Australia's smut-shocked senators seek net censorship (again)

Politicians worry pr-n's getting nastier, so fire up committee to learn how just how nasty

A perennial silly season story has resurfaced for the umpteenth time, with a cross-party gaggle of Australian senators fretting about Internet pornography.

A motion passed nearly unnoticed by the Senate last week will establish an inquiry into the impact of pornography on Australian children. The full motion, here, was backed by the Australian Labor Party's Senator Joe Bullock, the Democratic Labor Party's John Madigan, and Liberals Joanna Lindgren and Chris Back.

The motion claims pornography is easy to get online, and is becoming more violent (for which “citation needed” might be a reasonable response).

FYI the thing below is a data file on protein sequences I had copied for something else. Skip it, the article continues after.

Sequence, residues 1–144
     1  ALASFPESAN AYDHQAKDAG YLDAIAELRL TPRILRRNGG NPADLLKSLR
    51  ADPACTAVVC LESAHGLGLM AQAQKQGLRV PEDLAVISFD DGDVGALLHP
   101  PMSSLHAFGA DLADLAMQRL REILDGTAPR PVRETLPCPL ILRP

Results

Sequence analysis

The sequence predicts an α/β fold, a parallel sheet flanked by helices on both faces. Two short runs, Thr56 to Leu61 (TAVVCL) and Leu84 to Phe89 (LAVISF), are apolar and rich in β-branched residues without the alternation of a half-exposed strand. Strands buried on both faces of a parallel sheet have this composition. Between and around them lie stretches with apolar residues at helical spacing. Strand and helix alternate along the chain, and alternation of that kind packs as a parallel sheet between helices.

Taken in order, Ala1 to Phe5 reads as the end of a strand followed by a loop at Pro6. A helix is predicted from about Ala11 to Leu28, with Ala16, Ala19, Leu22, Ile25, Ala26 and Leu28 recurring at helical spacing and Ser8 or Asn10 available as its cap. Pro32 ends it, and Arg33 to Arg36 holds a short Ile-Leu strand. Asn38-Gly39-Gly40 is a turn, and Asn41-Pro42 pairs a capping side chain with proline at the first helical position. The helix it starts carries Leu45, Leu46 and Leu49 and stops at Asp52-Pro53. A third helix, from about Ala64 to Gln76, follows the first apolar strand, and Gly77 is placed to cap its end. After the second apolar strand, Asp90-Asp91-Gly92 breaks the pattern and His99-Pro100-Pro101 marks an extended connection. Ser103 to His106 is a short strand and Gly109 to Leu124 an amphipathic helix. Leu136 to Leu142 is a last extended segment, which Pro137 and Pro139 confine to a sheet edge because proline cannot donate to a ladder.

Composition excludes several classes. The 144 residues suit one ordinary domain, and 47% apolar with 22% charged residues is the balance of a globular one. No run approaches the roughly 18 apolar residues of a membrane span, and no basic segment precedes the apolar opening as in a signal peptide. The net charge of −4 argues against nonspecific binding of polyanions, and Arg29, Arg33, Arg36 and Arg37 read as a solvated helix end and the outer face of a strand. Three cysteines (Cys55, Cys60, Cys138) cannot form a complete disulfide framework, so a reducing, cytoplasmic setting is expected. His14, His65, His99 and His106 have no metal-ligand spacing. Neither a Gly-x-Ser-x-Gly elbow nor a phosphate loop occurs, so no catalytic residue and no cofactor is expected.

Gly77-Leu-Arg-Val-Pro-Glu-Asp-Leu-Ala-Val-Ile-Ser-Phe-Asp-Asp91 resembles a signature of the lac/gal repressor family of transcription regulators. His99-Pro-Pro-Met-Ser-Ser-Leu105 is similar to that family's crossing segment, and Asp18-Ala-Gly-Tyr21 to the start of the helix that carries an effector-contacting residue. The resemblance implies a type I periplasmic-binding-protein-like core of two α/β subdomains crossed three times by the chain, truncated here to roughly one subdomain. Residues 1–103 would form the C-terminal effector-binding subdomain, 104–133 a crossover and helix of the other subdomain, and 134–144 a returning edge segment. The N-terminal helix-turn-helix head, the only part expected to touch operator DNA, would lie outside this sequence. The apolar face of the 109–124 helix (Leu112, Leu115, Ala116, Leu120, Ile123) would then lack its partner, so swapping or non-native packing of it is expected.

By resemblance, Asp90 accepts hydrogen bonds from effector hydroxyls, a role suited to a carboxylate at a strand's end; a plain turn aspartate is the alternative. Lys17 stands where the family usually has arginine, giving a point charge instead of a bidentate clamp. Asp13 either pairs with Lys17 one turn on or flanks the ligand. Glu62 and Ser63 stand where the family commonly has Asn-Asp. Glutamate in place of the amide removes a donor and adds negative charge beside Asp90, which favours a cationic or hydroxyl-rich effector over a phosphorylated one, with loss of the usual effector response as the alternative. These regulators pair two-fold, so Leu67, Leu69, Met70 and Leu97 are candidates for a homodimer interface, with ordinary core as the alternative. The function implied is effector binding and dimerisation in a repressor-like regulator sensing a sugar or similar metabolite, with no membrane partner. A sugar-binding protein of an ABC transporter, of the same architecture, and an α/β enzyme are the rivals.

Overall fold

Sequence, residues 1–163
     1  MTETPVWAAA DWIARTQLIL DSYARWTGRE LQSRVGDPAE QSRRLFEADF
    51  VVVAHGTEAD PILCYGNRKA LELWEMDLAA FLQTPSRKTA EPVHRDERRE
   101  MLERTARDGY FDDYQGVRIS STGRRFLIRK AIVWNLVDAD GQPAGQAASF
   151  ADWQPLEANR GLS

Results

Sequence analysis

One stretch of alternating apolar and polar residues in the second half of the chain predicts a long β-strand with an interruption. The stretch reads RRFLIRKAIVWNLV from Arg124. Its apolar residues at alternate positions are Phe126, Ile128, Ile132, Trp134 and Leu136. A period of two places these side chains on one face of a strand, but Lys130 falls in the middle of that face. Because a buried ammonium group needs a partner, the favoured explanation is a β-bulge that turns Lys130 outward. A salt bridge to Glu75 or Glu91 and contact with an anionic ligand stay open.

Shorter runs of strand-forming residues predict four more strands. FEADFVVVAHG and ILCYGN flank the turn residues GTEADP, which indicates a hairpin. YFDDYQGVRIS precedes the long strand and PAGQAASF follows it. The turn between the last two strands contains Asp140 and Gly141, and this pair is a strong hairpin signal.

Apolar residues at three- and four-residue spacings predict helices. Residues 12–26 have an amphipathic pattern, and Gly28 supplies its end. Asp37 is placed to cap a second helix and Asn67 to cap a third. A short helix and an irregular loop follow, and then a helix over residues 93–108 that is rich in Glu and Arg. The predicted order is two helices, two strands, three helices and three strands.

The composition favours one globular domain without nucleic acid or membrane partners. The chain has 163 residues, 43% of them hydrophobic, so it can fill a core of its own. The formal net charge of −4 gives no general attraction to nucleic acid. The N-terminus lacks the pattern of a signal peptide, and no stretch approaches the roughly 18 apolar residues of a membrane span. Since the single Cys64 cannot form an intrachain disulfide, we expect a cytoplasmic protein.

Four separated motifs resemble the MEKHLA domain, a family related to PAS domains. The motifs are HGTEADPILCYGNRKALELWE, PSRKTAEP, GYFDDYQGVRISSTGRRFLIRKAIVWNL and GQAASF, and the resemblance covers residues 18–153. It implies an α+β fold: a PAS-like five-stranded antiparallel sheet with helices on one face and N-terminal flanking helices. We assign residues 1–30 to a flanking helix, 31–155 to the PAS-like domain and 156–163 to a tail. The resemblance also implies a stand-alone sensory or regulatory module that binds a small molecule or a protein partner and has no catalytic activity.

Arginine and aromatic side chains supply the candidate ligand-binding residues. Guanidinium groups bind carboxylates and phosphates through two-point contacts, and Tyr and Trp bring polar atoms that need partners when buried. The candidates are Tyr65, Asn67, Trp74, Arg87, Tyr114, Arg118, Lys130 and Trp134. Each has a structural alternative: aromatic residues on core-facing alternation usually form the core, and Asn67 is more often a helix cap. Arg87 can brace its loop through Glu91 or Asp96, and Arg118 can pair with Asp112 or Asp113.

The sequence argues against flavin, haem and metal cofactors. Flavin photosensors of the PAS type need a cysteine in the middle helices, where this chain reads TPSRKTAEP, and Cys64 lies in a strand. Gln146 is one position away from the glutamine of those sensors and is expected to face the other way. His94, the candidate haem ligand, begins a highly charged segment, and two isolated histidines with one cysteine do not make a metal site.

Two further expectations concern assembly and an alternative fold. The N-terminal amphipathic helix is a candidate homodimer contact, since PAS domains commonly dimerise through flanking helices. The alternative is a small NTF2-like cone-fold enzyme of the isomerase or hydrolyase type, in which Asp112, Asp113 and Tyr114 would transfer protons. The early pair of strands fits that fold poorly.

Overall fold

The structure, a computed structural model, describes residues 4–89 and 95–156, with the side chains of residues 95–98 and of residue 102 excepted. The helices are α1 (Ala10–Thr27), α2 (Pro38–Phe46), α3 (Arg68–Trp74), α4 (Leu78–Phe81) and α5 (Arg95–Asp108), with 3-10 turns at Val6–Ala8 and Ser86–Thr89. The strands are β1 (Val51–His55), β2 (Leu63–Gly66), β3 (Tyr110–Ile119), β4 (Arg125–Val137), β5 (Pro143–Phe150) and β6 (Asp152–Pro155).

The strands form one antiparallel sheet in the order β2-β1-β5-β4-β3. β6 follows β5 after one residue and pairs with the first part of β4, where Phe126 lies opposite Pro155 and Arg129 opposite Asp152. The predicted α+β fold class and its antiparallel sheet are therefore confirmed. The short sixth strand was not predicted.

It calls on the Environment and Communications Legislation Committee to hold an inquiry, with a December 2016 report date, looking at the trend of children's consumption of porn, how various jurisdictions handle this, and what measures could be implemented in Australia.

Australia already has a block-list administered by the Australian Communications and Media Authority (ACMA). Under that regime, the ACMA can order a take-down of material that the Office of Film and Literature Classification considers “refused classification”.

The ACMA's footprint does not, naturally enough, extend overseas, which makes the Senate's motion look like there will be renewed calls in 2016 for some kind of smut-filter applied to the Australian Internet. ®

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